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im a techy now, how do i become an architect? March 30, 2012

Posted by Chris Eaton in architect, careers, people.
Tags: , , , ,
I am lucky enough to receive the odd email from readers who ask for advice on architect careers. The most common theme is from developers and operations staff asking how to move into an architect role.
Here is my tuppence:
  • Bank your deep technical specialist skills and broaden your technical knowledge
  • Get comfortable with busking!
  • Tell everyone you want to be an architect! If they don’t know that they cant help you
  • In the long term, focus on soft skills and business understanding, this will pay a huge dividend and this is the only way to the most senior roles
Bank your deep technical skills and broaden your technical knowledge
If your a developer you probably know more than any architect will ever need to know about your specialist subject. Bank that you’ll never need to know deep techy details as an architect. If you want to be an architect you are going to have to give up the comfort of deep narrow technical knowledge for a broader, shallower knowledge of many technologies. I went through this myself it feels uncertain at the start but soon it become more comfortable.
Get comfortable with busking!
A challenge to technical experts is they understand that to be a true expert you can only be focussed on a few technical skills through a large investment of time and knowledge. Your only the expert when you wrote the book or the open standard. Credibility with other true technical peers is hard won. However, engage with 99.999 of the populace on technical matters they will consider you an expert even when you know your knowledge is pretty superficial.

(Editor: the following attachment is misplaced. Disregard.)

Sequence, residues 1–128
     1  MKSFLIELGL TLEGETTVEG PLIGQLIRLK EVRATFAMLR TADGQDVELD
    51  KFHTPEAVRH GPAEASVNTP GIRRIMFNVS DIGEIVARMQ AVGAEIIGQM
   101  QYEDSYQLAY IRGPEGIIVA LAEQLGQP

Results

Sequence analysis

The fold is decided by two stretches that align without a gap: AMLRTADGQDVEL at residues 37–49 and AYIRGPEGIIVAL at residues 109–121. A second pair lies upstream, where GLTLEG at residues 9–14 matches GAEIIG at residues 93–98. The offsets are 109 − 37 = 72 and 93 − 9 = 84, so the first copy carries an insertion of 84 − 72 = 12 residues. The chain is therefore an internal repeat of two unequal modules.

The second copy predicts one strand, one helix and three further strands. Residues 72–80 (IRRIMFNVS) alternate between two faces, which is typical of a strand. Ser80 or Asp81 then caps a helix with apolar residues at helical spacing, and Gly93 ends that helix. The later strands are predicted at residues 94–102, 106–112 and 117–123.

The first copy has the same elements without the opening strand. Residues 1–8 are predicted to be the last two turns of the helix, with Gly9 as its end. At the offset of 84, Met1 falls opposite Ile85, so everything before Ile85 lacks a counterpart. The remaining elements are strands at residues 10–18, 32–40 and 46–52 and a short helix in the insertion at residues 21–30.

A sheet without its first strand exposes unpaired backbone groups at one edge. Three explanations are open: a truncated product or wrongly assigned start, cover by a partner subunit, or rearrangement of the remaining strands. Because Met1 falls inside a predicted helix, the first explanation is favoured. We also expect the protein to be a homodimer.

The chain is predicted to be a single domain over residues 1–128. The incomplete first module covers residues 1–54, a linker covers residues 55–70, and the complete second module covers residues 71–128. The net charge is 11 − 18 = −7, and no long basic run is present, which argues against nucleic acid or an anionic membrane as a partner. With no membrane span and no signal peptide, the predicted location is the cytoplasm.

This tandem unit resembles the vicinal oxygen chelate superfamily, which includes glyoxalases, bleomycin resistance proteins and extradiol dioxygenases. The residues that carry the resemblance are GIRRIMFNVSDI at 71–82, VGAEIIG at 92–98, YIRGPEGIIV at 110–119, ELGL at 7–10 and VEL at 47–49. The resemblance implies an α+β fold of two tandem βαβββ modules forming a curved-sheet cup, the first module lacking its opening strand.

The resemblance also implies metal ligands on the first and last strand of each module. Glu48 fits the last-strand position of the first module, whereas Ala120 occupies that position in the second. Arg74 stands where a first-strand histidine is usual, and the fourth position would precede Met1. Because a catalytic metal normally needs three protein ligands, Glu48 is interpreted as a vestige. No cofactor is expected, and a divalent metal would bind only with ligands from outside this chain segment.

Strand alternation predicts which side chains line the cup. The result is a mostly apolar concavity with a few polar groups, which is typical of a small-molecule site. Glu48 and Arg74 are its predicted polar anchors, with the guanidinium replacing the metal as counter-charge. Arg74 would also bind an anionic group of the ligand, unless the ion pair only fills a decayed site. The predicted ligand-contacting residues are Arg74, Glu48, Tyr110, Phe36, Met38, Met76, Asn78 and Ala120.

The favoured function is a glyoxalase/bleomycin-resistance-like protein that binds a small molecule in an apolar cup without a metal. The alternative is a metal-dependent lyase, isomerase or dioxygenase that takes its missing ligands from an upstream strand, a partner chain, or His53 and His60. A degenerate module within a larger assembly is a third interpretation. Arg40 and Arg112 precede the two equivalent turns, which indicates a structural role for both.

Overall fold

Just think when you helped your mum fix her PC you just did standard stuff that anyone can do but she thinks your a hero because she had no idea what to do and never would have resolved it without you help. She thinks your the expert even when you know you not.
Thats busking!
As an architects you need the experience to spot what’s good, bad and indifferent and cram on any given subject to become a mini expert as well as use wider expertise to make good decisions but you cant possibly be the expert in everything
Tell everyone you want to be an architect
Who know you want to be an architect? is it 0,1 maybe 2 people? you need to tell everyone! only then can people help you achieve your aims. I learnt this lesson the hard way after many years of feeling suppressed in a role I started to be more directive about what I wanted (i.e. do this or im going to leave) and it worked and it has continued to work – dont be shy. Peers and managers are not mind readers! You need to tell people you ambition and they can and will help you achieve it.
In the long term, focus on soft skills and business understanding